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Annular Atrophic Plaques on the Forearm

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A 57-year-old woman presented with several lesions on the left extensor forearm of 10 years’ duration. A single annular indurated lesion with central atrophy initially developed near a prior surgical site. The lesions were pruritic with no associated pain or bleeding. Over 5 years, similar lesions had developed extending up the arm. No benefit was seen with low-potency topical steroid application. Biopsy for histopathologic examination was performed to confirm the diagnosis.

What's the diagnosis?

granuloma annulare


necrobiosis lipoidica


tumid lupus erythematosus

Sarcoidosis is a systemic noncaseating granuloma­tous disease of unknown etiology. The skin is the second most common location for disease mani­festation following the lungs.1 Cutaneous sarcoidosis is present in 35% of patients with sarcoidosis and may be further subtyped by its morphologic characteristics (eg, hyperpigmented, papular, nodular, atrophic, ulcer­ative, psoriasiform). Cutaneous sarcoidosis has an increased tendency to occur at areas of prior injury such as surgeries or tattoos.2 Although sarcoidosis affects all races and sexes, it is more prevalent in women and in the black population.3

The clinical presentation of sarcoidosis is difficult due to its morphologic variation, allowing for a wide differential diagnosis. With our patient’s presentation of atrophic plaques, the differential diagnosis included granuloma annulare, necrobiosis lipoidica, tumid lupus erythematosus, leprosy, and sarcoidosis; however, biopsy is required for definitive diagnosis. The characteristic histopathology for cutaneous sarcoidosis includes nonca­seating granulomas (Figure, A) composed of epithelioid histiocytes with giant cells surrounded by a lympho­cytic infiltrate. Noncaseating granulomas are consid­ered specific to sarcoidosis and are present in 71% to 89% of biopsied lesions.4 Interestingly, our patient pre­sented with a rare subtype of atrophic ulcerative cutane­ous sarcoidosis, necrobiosis lipoidica–like sarcoidosis, which is more common in females and in the black population. It is characterized by pink to violaceous plaques with depressed centers and prominent necrotiz­ing granuloma (Figure, B) on histopathology. In a small case series, all 3 patients with necrobiosis lipoidica–like sarcoidosis were female and had systemic involvement at the time of diagnosis.5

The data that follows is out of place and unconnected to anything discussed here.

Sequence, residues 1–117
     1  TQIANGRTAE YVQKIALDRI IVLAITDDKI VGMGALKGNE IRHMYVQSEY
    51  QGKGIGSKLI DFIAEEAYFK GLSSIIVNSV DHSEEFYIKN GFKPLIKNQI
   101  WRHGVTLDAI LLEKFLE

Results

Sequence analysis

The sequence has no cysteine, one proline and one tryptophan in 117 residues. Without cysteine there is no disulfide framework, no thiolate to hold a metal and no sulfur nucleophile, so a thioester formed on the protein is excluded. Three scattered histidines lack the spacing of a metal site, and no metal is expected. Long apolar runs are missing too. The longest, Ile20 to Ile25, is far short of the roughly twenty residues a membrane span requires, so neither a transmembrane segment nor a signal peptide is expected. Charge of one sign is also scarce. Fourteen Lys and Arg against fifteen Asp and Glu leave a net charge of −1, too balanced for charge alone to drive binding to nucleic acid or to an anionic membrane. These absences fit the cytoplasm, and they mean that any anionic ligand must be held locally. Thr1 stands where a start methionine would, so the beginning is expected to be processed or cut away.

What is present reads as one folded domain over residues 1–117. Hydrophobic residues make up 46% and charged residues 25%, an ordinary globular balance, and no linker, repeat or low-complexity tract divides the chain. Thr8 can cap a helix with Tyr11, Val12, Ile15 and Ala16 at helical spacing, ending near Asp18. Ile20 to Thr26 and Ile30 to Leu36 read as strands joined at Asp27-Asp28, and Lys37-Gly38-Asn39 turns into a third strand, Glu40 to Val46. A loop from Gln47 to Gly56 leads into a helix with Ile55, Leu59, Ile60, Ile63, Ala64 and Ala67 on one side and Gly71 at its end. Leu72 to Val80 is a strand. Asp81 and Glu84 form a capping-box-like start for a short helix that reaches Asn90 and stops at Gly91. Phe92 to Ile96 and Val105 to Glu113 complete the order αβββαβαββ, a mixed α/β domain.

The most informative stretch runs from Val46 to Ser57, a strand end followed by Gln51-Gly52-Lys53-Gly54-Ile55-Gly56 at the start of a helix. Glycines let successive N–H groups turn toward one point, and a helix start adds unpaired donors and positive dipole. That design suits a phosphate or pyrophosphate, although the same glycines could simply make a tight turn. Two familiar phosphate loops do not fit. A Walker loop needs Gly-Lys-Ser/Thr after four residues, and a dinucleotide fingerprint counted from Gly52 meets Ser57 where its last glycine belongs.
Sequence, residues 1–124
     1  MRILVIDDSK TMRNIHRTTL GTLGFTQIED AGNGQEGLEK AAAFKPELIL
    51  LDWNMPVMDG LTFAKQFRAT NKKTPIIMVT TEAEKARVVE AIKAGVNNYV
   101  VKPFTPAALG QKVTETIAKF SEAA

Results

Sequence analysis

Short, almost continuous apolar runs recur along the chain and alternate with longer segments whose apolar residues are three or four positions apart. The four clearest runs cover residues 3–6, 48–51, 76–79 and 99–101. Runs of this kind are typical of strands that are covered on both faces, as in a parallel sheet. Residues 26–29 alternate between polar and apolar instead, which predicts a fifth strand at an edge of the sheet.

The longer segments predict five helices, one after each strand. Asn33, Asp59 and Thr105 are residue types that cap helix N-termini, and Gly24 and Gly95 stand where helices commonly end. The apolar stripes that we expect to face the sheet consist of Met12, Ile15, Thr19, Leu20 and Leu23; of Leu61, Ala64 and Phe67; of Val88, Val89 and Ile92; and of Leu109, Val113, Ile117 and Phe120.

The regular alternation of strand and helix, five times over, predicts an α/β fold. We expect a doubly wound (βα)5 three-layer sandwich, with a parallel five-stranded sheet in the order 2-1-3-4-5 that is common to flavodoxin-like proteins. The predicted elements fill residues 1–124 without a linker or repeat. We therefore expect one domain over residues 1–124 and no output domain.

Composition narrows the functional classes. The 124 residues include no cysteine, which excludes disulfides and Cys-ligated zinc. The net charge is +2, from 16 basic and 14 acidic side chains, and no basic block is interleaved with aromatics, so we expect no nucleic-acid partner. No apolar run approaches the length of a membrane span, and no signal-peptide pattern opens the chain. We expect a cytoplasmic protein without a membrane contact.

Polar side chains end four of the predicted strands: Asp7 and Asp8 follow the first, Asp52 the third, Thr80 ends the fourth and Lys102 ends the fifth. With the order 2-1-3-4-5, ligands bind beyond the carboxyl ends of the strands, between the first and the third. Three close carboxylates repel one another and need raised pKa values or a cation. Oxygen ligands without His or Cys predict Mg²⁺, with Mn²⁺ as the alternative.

A, Microscopic examination of the biopsied lesion revealed a classic noncaseating granuloma with multinucleated giant cells (H&E, original magnification ×100). B, A palisading necrotizing granuloma consistent with necrobiosis lipoidica–like cutaneous sarcoidosis also was seen (H&E, original magnification ×100).

Sarcoidosis typically is a systemic disease with only a limited number of cases presenting with isolated cutane­ous findings. Therefore, patients require a systemic evalu­ation, which may include a chest radiograph, complete blood cell count, ophthalmologic examinations, thyroid testing, and vitamin D monitoring, as well as an echocar­diogram and electrocardiogram.2

Treatment is guided by the severity of disease. For isolated cutaneous lesions, topical or intralesional high-potency steroids have been shown to be effective.6,7 Several studies also have shown phototherapy and laser therapy as well as surgical excision to be beneficial.8-10 Once cutaneous lesions become disfiguring or systemic involvement is found, systemic corticosteroids or other immunomodulatory medications may be warranted.11 Our patient was started on intralesional and topical high-potency steroids, which failed, and she was transitioned to methotrexate and adalimumab. Unfortunately, even with advanced therapies, our patient did not have notableresolution of the lesions.

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